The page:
Soon after Russia’s invasion of Ukraine in February 2022, RUSI’s deputy director Malcolm Chalmers wrote: “In contrast to the botched experience of NATO’s withdrawal from Afghanistan, the US’s leadership of the Alliance during this crisis has rightly been praised.”
He added that the Biden administration “moved swiftly to lead NATO’s new war strategy” and that “the war has demonstrated, once more, the value of NATO and the commitment to collective defence that it represents”.
There is little space in this view for the idea that NATO bears some responsibility for the crisis over Ukraine by having provoked Russia, a view that has been put by various independent commentators such as John Mearsheimer and Jeffrey Sachs.
An especially noteworthy RUSI article was written by Professor Peter Roberts, a senior associate fellow, which argued in favour of the UK using more “hard power”.
“Post-Brexit, Britain must reconsider its role in the world”, Roberts wrote, adding that its doctrine “needs to deter adversaries and reassure allies” and promote “willingness to use the armed forces it spends billions equipping” in an “expanded conception of intervention”.
Roberts suggested this increased focus on war-fighting should also extend to nuclear weapons.
“Unlike the US and France where nuclear weapons are more explicitly seen as military instruments, the UK tends to talk about them primarily as a deterrent,” he wrote. “But such weapons can deter only if there is a credible likelihood of them being used, and describing them as effective merely by existing is not convincing”.
Identifying with Whitehall’s foreign policy goals is a standard feature of RUSI staff’s work. For example, in a recent article on UK policy towards the Gulf regimes a RUSI fellow could only suggest “the need for the UK to more clearly define what its own objectives are in the region”.
Yet these Gulf regimes, which have long been close allies of Whitehall, are human rights-abusing dictatorships that are largely propped up by British power.
Securing UK interests
An establishment perspective is also clearly visible in a group of RUSI fellows recently writing about Iran. “The UK needs a more proactive approach to Iran”, they write, which “would increase the perception of key Middle Eastern states that the UK is a relevant diplomatic player”.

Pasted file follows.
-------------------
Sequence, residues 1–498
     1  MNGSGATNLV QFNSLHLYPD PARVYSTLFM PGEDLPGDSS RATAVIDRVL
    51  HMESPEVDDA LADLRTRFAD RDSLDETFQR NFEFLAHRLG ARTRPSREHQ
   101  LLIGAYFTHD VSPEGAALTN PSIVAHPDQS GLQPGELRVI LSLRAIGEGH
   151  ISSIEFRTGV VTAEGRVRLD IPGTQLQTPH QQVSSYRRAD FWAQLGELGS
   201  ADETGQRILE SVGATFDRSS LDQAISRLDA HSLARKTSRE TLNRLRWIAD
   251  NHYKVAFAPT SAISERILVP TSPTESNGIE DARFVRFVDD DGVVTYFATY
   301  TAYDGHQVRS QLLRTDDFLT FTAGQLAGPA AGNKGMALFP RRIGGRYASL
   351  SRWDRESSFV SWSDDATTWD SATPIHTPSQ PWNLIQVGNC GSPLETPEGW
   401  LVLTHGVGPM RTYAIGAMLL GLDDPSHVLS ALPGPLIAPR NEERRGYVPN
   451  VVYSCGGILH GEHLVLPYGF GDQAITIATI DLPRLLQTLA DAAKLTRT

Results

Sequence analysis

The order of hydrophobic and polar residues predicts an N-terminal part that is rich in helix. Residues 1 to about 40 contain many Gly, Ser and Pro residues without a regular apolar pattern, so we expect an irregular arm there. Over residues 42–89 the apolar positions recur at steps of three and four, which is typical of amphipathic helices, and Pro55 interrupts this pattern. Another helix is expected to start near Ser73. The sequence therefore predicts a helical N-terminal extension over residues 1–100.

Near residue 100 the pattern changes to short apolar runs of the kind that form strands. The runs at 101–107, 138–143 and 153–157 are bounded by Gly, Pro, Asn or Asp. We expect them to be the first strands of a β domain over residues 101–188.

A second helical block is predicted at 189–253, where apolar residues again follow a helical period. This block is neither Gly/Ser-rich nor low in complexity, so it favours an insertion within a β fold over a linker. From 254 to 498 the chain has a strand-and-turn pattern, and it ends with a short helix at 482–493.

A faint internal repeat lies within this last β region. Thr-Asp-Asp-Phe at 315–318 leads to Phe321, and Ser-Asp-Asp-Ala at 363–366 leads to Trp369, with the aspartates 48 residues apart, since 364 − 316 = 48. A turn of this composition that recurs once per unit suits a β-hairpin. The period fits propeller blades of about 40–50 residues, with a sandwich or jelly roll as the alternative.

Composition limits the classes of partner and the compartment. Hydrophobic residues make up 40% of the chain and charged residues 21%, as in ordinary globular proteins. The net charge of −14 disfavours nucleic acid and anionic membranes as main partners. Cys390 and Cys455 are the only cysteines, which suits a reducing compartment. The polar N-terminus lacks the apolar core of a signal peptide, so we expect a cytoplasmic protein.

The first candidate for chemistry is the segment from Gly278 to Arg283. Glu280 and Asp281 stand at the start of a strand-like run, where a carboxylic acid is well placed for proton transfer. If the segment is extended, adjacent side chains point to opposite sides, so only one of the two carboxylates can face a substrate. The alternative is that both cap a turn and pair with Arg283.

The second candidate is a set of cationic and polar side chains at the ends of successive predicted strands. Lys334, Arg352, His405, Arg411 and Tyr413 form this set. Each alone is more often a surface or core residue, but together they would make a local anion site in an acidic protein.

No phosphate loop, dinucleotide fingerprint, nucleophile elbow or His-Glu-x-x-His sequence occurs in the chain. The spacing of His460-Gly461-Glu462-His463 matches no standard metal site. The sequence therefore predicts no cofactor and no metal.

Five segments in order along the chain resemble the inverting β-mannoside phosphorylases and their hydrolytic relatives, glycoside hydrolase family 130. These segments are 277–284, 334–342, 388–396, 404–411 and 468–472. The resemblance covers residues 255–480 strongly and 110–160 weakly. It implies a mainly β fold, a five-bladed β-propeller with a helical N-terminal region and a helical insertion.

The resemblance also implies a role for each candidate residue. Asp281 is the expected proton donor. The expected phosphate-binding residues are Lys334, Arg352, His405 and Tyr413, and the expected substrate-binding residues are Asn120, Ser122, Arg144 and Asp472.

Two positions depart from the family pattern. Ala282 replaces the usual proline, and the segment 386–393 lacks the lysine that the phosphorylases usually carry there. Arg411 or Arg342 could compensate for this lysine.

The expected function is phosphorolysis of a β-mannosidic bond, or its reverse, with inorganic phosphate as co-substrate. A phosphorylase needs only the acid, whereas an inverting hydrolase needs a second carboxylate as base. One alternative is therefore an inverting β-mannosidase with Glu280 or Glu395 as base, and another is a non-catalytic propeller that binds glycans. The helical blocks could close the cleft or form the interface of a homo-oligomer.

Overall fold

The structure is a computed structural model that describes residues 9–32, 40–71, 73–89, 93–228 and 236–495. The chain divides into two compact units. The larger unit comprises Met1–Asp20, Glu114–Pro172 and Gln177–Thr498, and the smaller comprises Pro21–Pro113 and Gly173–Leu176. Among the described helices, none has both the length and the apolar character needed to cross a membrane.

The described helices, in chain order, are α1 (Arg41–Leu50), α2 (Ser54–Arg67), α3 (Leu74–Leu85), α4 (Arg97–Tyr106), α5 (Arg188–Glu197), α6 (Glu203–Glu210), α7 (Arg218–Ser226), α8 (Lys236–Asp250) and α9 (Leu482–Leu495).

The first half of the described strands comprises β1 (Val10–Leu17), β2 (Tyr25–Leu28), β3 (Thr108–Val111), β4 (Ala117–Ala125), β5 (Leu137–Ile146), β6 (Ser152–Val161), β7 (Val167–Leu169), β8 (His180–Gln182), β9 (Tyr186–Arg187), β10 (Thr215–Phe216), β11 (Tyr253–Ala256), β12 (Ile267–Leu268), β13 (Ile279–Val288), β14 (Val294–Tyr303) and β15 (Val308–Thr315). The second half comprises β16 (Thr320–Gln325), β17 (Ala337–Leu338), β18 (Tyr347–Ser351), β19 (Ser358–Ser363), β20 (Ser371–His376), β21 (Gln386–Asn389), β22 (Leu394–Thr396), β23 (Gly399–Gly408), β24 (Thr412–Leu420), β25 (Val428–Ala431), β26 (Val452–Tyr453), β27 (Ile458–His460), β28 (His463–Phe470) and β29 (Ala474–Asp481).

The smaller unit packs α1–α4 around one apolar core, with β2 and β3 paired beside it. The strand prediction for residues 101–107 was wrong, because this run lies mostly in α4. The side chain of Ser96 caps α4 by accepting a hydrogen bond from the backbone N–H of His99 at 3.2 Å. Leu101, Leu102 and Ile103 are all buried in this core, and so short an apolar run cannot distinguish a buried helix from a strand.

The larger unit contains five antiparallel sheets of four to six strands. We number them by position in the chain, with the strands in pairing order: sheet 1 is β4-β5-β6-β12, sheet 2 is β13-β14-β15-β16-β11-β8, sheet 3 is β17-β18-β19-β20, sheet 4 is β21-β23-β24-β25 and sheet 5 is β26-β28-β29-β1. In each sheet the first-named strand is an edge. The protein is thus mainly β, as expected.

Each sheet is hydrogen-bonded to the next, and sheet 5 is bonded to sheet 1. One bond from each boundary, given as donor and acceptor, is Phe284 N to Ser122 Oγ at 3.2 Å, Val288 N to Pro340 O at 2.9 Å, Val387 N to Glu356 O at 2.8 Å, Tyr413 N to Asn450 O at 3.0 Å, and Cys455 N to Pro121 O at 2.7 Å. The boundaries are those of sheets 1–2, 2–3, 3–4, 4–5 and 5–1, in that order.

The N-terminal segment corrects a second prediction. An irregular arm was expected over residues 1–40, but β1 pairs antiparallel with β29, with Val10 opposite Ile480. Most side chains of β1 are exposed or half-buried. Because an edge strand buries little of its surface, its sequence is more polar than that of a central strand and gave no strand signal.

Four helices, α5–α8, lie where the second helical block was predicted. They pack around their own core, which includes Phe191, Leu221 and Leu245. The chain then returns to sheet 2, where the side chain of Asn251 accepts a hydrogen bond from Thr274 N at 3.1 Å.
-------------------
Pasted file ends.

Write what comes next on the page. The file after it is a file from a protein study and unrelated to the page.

In turn, this “would give the UK more credibility in Washington and make it a more valuable partner to the new administration”.
In West Africa, “there is the need to counter the growing regional influence of Russia and China, both of which are competing with the UK for strategic relevance in West Africa”, writes another RUSI fellow. “Peace and security in this troubled region remain vital to securing the UK’s strategic interests”, he adds.
It is securing UK interests against official “adversaries” – Russia, China or Iran – with which RUSI fellows are mainly concerned. Or being concerned with “proactively shaping the environment to suit UK interests”, as RUSI fellow Jack Watling has written.
Watling has, since March 2022, written 12 articles in the Guardian or Observer critical of Russian strategy in the Ukraine war – without editors mentioning who funds the organisation he works for.
Misleading the global public
RUSI has extensive outreach. “Unprecedented demand for RUSI’s insights indicates that our influence and impact have never been higher”, the organisation states in its latest annual report.
RUSI claims it was cited in more than 50,000 news and comment pieces in international media during 2021-22. This is too many mentions to research, but it is unlikely these media outlets are describing RUSI any more accurately than the UK media is.
RUSI has a particular outreach across the Atlantic where it says US-based media are the single largest source of coverage of RUSI and its researchers.
In some of the media articles, comments by RUSI associates reinforce the interests of the arms industry that provides some of its funds. In a recent Guardian article, for example, Watling called for NATO to supply more armoured vehicles to Ukraine while an earlier article in the Independent cited RUSI research lamenting a lack of artillery available to the British army.
In March last year, BAE-funded RUSI tweeted that “the invasion of Ukraine has graphically demonstrated the need for air forces to adapt to help re-establish NATO warfighting credibility”. The tweet was an advert for the RUSI ‘Combat Air Conference 2022’, which was sponsored by Lockheed Martin, another of RUSI’s funders.
RUSI says it funds itself independently, drawing income from its membership subscriptions, the sale of its publications and “from research contracts, donations and events funded by a wide range of sources, private and governmental, UK-based and international”.
It adds that it receives “no core government funding” and that “RUSI’s essential intellectual independence is upheld regardless of its independent funding sources”.
“RUSI sets its own agenda, chooses its own research topics and takes very seriously its responsibility to reflect its research findings truthfully”, the organisation adds.
It says it “rejects funding that is incompatible with its independence or the probity of its activities”.